Dogs also serveArmistice Sunday 2018 marked the end of the 4 year commemoration of the hundred years since the Great War. There have been many events and thought-provoking activities, but none that we have found focused on the roles dogs played. Yet it is estimated that over a million dogs were killed during that conflict.

When we see the archive footage, it is easy to see the use of horses to pull guns, supplies and as cavalry. Warhorse, the book and the play, allowed us to understand better the role of horses while Blue Cross posted an excellent blog on their own development and how they supported horses . Yet look carefully at the footage and dogs can often be seen.

Varied Roles of Dogs in the Great War

Dogs had multiple roles beyond some which are now imagined. In the early 1900’s dogs were often used to pull small milk carts on their daily deliveries. So it’s not surprising that they were used to help pull small supply carts to the front or by the machine gun corps as an easy way to move the heavy machine guns.

Dogs were also an alternative to pigeons as messengers. This required special training so that the dog would respond and run between two masters, one sending and the other receiving the message attached to its collar. At the front-line, terriers were sometimes trained to run through a pipe to connect the first trench to the reserve trench as an efficient way of getting messages through. The terriers often doubled up as rat catchers to fight those infestations.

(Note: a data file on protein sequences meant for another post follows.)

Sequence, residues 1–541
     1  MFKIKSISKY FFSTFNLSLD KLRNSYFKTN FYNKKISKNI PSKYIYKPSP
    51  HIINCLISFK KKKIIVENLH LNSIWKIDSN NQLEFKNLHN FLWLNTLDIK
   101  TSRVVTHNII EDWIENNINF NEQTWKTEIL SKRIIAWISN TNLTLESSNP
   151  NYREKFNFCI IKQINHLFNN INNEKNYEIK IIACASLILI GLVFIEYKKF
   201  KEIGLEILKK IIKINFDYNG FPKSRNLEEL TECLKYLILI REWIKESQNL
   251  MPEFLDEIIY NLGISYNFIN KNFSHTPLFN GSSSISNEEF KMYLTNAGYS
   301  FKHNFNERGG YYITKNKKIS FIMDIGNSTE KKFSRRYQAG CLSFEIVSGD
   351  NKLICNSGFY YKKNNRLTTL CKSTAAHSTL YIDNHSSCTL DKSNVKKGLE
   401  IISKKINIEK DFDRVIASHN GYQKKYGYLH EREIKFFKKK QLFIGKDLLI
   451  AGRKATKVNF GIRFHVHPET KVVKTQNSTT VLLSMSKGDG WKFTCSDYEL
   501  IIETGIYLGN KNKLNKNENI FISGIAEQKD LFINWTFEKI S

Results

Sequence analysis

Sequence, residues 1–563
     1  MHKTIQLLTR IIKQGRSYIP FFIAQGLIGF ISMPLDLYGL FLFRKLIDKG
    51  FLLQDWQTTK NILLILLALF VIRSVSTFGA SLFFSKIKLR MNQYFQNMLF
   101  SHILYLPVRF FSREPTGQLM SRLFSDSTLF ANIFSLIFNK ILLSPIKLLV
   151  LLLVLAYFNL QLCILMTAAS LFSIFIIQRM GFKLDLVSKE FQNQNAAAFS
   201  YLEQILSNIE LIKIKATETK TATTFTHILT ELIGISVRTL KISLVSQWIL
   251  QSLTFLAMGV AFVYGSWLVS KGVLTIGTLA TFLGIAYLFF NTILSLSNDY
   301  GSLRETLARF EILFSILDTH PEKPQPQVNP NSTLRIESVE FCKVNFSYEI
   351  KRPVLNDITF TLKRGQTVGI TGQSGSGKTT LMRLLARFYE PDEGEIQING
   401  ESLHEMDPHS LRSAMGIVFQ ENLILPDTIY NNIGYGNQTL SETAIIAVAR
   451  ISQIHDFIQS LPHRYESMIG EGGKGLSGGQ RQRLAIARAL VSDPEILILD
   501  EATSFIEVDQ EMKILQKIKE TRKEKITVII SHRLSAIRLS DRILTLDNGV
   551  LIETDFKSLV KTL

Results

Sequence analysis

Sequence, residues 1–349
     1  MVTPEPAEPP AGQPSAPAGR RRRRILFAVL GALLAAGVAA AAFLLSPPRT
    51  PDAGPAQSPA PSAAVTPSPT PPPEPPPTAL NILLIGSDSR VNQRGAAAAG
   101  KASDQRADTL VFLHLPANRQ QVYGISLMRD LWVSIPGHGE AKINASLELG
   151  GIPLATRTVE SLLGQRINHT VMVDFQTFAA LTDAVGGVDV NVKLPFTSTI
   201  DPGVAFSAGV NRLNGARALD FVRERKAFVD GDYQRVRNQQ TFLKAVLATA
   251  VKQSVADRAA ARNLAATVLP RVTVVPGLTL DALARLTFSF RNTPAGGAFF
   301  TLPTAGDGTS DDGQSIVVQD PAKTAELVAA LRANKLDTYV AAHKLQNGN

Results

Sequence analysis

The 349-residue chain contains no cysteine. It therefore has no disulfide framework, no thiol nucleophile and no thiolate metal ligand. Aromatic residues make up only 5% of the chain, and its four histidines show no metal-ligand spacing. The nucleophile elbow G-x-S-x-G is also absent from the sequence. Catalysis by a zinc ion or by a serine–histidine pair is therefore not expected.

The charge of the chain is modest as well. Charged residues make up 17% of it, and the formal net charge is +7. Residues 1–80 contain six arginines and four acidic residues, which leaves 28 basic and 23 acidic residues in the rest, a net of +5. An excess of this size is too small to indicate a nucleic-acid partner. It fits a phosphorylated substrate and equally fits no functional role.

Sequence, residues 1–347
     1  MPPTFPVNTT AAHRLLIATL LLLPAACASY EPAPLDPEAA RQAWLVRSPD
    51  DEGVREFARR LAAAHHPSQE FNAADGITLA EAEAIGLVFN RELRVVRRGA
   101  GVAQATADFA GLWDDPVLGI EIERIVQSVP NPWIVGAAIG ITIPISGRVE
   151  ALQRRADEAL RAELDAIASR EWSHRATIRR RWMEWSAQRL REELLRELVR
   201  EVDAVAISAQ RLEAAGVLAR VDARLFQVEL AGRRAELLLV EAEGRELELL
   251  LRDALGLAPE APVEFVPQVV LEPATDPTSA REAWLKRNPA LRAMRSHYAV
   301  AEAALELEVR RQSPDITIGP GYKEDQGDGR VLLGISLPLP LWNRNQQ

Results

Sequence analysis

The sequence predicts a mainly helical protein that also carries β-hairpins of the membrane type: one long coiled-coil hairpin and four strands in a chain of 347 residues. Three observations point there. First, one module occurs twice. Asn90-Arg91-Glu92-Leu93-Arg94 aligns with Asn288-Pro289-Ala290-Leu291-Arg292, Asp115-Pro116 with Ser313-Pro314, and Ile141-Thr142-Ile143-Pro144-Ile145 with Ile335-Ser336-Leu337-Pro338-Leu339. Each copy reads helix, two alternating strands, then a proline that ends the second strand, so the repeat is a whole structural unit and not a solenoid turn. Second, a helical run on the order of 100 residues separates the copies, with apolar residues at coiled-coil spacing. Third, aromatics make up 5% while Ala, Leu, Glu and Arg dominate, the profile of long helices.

Some dogs were trained as casualty dogs. They carried equipment to the wounded to help stem their injuries until rescue was possible. Or they were trained to stay and provide company to the dying. And we shouldn’t forget the morale-boost for troops of simply having a dog around to break up the boredom and stress.

More obvious roles were the use of medium-sized dogs as sentries, scouts and trackers.

Not just World War 1

Dogs continued to serve with the armed forces, but in much lower numbers. In May 1941, the UK government issued a request for dogs and received 7,000 offers. This was not as harsh as it might seem as lots of owners at this time were struggling to feed their dogs.

What was brutal was the use by the Soviet Union of dogs strapped with explosives as attack dogs between 1941 and 1945. But this use was seen to be ineffective as the dog often returned to its handler, rather than the intended target!

In the last 20 years cameras have been attached to dogs to scout out strongholds to provide intelligence before a planned attack. But as defenders became wise to German Shepherds wandering about and with the increased use of drones, this is less likely to happen.

So once again the role of dogs in the military is becoming that of mascot, companion and guard.